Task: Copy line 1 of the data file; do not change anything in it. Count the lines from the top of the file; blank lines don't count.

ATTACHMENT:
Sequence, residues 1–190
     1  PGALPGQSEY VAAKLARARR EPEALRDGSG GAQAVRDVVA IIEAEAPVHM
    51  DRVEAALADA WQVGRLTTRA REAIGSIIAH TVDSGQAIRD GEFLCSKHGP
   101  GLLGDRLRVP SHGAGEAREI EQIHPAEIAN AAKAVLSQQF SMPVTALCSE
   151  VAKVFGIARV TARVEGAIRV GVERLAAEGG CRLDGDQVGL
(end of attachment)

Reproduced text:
Sequence, residues 1–190